News: Detailed summary: cooperative security and gender perspective, 09-May-2022

On May 9, 2022, NATO’s International Military Staff (IMS) held its third in-depth session, this time examining the importance of the gender perspective in cooperative security. This session mentioned how projecting stability and enhancing security through cooperation, dialogue and partnerships requires a gender dimension. Presentations were made by the Center of Excellence (CoE) for Civil-Military Cooperation (CIMIC), the EU Military Staff, the SHAPE Partnership Directorate and Colombia, the new partner of the NATO.

Lt. Col. Thomas Hoehl, CIMIC CoE, began by explaining that the cross-cutting issues of Gender and Women, Peace and Security (WPS) “are NATO’s business, not just its gender advisors”. He stressed that NATO can learn a lot from its partners in cooperative security. For example, NATO Mission Iraq and partners from the international community participated in an Iraqi-led workshop at the Al Nahrain Center for Strategic Studies. The objective was to strengthen understanding of the relevance of the protection of civilians, human rights, women, peace and security, children and armed conflict, the protection of cultural property in the crisis management. He also highlighted how NATO-accredited entities such as the Nordic Center for Gender in Military Operations (NCGM) and non-NATO countries such as Sweden play a key role in promoting gender perspective. NCGM provides training to NATO personnel on gender in military operations.

Ms. Terhi Lehtinen, from the EU Military Staff (EUMS), explained that effective multilateralism is one of the main objectives of EU foreign policy. The EU has adopted a new Gender Action Plan III for 2021-2025, which integrates gender equality as a core value for security. She said that “mainstreaming a gender perspective in security-related contexts is crucial for international partnerships”. The EU has a new Ambassador for Gender and Diversity, HE Stella Ronner Grubačić, who engages internationally to promote gender equality and diversity. Ms. Lehtinen concluded with the idea that “there is a new impetus to integrate a gender perspective in capacity building and as a means to improve the operational effectiveness of military operations”. We look forward to reading the EU baseline study on mainstreaming gender and human rights in EU common security and defense missions and operations.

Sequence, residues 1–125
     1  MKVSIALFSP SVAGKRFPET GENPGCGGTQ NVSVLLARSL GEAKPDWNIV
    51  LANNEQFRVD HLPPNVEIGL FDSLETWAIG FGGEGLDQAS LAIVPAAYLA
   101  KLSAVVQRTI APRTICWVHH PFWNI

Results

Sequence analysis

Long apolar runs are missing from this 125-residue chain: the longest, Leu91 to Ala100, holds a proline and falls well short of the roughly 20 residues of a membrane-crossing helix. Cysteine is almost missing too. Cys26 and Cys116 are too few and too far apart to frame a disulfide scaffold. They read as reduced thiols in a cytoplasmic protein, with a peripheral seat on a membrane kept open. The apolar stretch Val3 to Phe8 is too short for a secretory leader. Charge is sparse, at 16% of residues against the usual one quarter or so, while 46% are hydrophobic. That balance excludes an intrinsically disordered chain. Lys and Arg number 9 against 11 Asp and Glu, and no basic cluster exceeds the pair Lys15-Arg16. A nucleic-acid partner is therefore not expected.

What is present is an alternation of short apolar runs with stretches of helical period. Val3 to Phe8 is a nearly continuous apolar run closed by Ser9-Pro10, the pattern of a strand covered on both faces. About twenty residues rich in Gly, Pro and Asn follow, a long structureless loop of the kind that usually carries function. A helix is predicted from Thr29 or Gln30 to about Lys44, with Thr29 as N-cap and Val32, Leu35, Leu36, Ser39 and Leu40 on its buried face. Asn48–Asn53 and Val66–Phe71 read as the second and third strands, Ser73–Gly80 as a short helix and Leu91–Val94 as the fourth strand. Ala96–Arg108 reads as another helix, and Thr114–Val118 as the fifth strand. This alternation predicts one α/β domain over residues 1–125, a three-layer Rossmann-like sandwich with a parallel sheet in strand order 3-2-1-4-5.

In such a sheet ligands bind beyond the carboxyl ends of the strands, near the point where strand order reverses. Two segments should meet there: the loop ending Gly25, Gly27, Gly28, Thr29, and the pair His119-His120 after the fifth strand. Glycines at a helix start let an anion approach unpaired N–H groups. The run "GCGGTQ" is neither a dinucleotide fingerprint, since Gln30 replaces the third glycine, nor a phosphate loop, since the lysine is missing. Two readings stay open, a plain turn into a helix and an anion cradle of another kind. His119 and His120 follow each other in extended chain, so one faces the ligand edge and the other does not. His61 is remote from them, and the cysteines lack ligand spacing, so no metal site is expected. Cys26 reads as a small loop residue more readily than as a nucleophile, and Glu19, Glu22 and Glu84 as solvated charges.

Finally, Lt. Col. Ricardo Rodriguez and Ms. Paola Pasini from the Military Cooperation Division within the SHAPE Partnership Directorate (SHAPE – PD) explained what NATO is doing to advance the gender perspective in cooperative security, inviting their Colombian colleagues to discuss the efforts of their armed forces. takes to “ensure that their institution guarantees a team of experts to protect fairness and respect”. SHAPE-PD noted that over the past year there have been increasing requests and discussions on gender-related topics and trainings. Currently, SHAPE offers 15 courses for partner countries regarding gender perspective training.

In summary, the gender perspective is present in NATO’s core work, including cooperative security. Bi-SC 40-1 is NATO’s key document on gender mainstreaming and UNSCR 1325. NATO Partners are involved in many of NATO’s core activities, from policy development and defense capability building to interoperability development and crisis prevention/management. Tackling today’s security challenges will only be possible if a wide range of perspectives are taken into account – women, men, girls and boys. Gender mainstreaming is essential for partnership frameworks, not only to support NATO values, but also to be truly effective and aware of all the implications when working with external partners.

Virginia S. Braud